On Saturday I attended and presented at, a Sports Nutrition event in London aimed at sports professionals and athletes aiming to get the very most out of their bodies. It was run by nutritionist Matt Lovell, with a substantial contribution by ultra-runner Barry Murray. Both advise athletes and teams at the very top level, and I have to say it is not often that I learn so much I didn’t know before in one day!
Nutrition & Endurance Sports
As endurance athletes, I think we tend to take a luddite approach to nutrition in general and especially to supplementation compared to team and power sports. Carbs are sacred and supplements unnecessary, right? Well, wrong, and very wrong, as Matt and Barry spent much of the day explaining.
Endurance training is hard on the body, because it is long and frequent, if not always intense. In fact, endurance training is often catabolic and results in loss of muscle mass unless lifestyle factors are carefully managed, and it’s not just a case of eating more lean protein to offset this.
Key aspects we need to get right are:
- Availability of electrolytes – Magnesium deficiency is common and can lead to cramping as it is required to switch muscles off
- Testosterone vs cortisol balance. Both are needed, but at the right times, and loss of libido (as well as reduced heart rate variability (HRV)) are clues as to when this is wrong
- Inflammation is the enemy of recovery, and of health in general (most of us will end up dying from conditions started by inflammation). Researcher Julian Thayer has done pioneering work looking at associations between inflammation and HRV, noting that reduced parasympathetic activity may even be involved in switching on the inflammatory process.
- Preserving both muscle mass through weight training and the number of mitochondria in the muscle for respiration and energy production.
Heart health is a topic close to the umm heart of many endurance athletes, and as we age, palpitations and rhythmic disturbances become common. Matt’s view is that many of these can be avoided by taking sufficient magnesium, taurine, vitamin K and omega 3 fatty acids. The omega 6:3 ratio is typically much too high without taking either omega 3 supplements (EPA, DHA) or plenty of oily fish.
Another key organ is the liver which can’t do its job well if it is spending lots of effort processing toxins including alcohol!
Barry Murray is an expert on fat adaptation and has many anecdotes as well as solid scientific evidence for how butter and eggs can not only fuel your extensive activity but also make you healthier overall. One thing I didn’t know before is that the body burns saturated fats cleanly and efficiently with much less oxidative stress from free radicals than using carbohydrates. The body’s insulin reactivity becomes better, reducing the chances of type 2 diabetes and energy spikes through the day.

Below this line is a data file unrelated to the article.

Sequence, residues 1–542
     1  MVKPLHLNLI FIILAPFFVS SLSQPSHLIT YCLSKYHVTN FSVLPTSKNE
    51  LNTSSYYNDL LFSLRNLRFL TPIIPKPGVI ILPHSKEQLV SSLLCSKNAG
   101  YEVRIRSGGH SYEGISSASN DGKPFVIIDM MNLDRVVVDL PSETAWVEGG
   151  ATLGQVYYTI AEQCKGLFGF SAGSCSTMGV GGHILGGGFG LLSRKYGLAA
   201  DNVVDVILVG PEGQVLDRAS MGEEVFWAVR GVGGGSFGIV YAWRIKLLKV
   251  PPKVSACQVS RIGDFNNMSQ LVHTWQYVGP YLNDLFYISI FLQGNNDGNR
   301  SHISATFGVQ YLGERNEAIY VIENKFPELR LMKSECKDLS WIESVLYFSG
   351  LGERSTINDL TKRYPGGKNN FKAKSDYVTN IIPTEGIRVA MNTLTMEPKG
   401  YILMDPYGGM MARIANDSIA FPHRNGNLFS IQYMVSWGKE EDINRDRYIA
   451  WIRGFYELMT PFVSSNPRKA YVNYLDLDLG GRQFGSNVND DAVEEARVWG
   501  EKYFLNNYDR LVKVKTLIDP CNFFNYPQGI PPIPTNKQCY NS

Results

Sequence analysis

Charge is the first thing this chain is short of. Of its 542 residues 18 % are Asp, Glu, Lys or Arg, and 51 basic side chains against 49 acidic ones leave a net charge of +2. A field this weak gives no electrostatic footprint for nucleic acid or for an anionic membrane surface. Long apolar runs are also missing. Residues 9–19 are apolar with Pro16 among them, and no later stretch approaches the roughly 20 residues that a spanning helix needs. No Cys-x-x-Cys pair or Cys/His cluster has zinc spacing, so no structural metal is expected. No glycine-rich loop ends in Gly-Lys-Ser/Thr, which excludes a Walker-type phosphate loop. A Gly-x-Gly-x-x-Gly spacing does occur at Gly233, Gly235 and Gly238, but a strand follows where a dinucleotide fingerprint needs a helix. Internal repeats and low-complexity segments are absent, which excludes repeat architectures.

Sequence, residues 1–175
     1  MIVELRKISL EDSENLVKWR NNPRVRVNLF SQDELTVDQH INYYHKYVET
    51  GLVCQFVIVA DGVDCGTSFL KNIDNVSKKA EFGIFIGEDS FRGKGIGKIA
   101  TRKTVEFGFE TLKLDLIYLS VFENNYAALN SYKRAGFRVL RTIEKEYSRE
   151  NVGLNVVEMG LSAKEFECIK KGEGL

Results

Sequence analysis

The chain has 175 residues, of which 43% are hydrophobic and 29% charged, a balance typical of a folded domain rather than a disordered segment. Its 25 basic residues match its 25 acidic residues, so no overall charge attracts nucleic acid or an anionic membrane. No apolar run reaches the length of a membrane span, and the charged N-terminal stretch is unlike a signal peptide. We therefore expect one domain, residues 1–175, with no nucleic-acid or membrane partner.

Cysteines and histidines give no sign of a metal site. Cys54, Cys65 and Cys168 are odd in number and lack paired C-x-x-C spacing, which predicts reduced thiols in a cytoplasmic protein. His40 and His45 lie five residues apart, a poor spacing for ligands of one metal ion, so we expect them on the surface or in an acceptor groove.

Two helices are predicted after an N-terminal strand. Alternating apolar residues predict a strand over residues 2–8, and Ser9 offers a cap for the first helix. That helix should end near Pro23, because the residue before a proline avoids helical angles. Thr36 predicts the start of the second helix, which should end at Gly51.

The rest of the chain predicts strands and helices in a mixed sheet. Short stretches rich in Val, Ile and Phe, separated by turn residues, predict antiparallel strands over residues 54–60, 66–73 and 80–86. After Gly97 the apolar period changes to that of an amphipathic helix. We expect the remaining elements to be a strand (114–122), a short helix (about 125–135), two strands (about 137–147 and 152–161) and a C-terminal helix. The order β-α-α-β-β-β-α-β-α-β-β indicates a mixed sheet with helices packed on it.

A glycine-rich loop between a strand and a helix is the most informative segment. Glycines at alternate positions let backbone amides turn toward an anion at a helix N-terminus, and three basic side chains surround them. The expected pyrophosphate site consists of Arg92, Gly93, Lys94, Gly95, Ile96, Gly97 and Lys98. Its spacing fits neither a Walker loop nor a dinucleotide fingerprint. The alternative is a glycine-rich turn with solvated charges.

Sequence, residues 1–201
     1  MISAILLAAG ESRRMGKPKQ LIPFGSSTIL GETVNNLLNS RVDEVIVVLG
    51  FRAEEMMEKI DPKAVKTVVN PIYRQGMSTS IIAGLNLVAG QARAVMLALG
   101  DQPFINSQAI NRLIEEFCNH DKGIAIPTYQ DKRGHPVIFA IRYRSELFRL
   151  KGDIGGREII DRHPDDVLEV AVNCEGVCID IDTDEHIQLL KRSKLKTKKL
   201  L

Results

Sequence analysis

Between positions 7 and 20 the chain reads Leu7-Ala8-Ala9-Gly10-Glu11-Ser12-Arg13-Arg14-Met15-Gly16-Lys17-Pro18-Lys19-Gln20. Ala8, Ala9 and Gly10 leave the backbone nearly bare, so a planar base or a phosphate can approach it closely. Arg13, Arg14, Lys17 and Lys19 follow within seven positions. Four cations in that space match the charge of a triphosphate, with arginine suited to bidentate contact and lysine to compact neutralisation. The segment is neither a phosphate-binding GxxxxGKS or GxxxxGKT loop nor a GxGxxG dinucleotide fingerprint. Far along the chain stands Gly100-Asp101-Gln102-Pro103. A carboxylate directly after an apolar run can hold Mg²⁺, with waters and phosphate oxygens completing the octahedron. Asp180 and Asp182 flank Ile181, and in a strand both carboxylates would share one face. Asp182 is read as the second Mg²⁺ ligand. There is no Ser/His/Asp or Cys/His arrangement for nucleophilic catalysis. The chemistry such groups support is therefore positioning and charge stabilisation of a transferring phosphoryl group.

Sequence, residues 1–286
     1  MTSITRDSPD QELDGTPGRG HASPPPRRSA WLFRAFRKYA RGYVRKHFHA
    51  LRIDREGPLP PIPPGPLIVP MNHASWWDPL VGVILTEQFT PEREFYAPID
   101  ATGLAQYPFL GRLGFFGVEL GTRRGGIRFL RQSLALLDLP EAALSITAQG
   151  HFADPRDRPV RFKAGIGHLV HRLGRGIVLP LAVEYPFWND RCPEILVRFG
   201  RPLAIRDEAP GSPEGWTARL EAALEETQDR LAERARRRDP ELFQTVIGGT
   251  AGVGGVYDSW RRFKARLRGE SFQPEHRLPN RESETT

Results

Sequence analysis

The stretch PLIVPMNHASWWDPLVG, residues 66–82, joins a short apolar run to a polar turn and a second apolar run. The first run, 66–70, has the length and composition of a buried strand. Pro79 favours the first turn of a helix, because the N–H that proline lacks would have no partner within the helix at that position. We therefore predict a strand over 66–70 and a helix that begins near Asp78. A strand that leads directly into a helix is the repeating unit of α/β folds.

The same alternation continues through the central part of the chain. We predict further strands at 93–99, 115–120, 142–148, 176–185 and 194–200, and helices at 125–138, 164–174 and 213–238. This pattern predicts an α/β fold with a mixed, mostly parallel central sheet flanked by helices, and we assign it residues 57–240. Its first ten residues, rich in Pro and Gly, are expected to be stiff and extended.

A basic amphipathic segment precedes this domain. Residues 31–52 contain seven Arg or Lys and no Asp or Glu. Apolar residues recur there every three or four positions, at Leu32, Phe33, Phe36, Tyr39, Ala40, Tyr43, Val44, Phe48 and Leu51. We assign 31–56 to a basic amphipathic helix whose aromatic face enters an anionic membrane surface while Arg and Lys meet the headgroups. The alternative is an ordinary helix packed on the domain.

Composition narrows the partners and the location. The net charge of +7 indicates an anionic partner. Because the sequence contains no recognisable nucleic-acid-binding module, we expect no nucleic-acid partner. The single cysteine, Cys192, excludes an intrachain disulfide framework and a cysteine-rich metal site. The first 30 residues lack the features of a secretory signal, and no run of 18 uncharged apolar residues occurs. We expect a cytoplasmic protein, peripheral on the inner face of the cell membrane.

Becoming a fat-burning machine does take many months and has to be done gradually – you can’t switch your diet overnight but when well-managed, the fat-burning machine can eventually produce up to 1000 kCal/hr – enough for top-level Ironman and marathon competition. Barry had lots of suggestions for how to manage this transition including intermittent fasting and training on empty, which apparently isn’t as painful as it sounds because the nature of your hunger changes as the adaptation progresses. The low glucose state also triggers mitochondrial production via AMPK signalling.
Nutrition & Heart Rate Variability (HRV)
During my section on HRV, I covered the stages of training progression through overreaching to the relatively rare states of overtraining (both sympathetic and parasympathetic) as well as the hormone changes involved. I also talked about the impact on HRV of dietary choices and common supplements such as caffeine and omega 3 supplements.
The findings on caffeine are surprisingly ambiguous. Whereas we usually think of caffeine as being a stimulant, and therefore something that might activate the fight or flight response, a study by Hibino in 1997 found that caffeine actually increases HRV about 30 minutes after it is taken. We also covered a study by Mike Nelson that showed very little impact on HRV of energy drinks, at least when consumed in moderate quantities. At higher quantities, it does seem like a sympathetic response is produced, but the mechanism by which it acts is still open to debate.
Fish oils (omega 3 fatty acids) do increase HRV, but as we explained in this post, the mechanism may involve slowing the pacemaker region of the heart down directly, rather than through nervous system input. Nonetheless, fish oils are cardioprotective and all the experts seem to agree they should figure strongly in a heart-healthy diet.
When it comes to energy sources, a study in 2009 by Millis looked at how the body reacted to (liquid) diets that strongly favoured either carbohydrates or fats. What they found was higher parasympathetic HRV (HF: LF ratio) and lower resting heart rate in the high-fat diet. What was also interesting was that the control group that fasted rather than having any food in the morning had an even higher HRV. Other studies on fasting had similar findings, with HRV increasing for the first 24 hours, then decreasing to 48 hours, perhaps signifying energy system stress building up after the initial fasting period.
When it comes to complete diets, the Mediterranean diet is often associated with Longevity and low rates of heart disease. A recent study looked at a cross-section of the population and asked them to evaluate their diet using a questionnaire for the Mediterranean diet ingredients such as cereals, vegetables, fruits and nuts, legumes, fish, and a high ratio of monounsaturated to saturated fatty acids. They measured HRV across this population and found a difference of about 20% (4 ithlete units) between the highest and lowest levels of the group.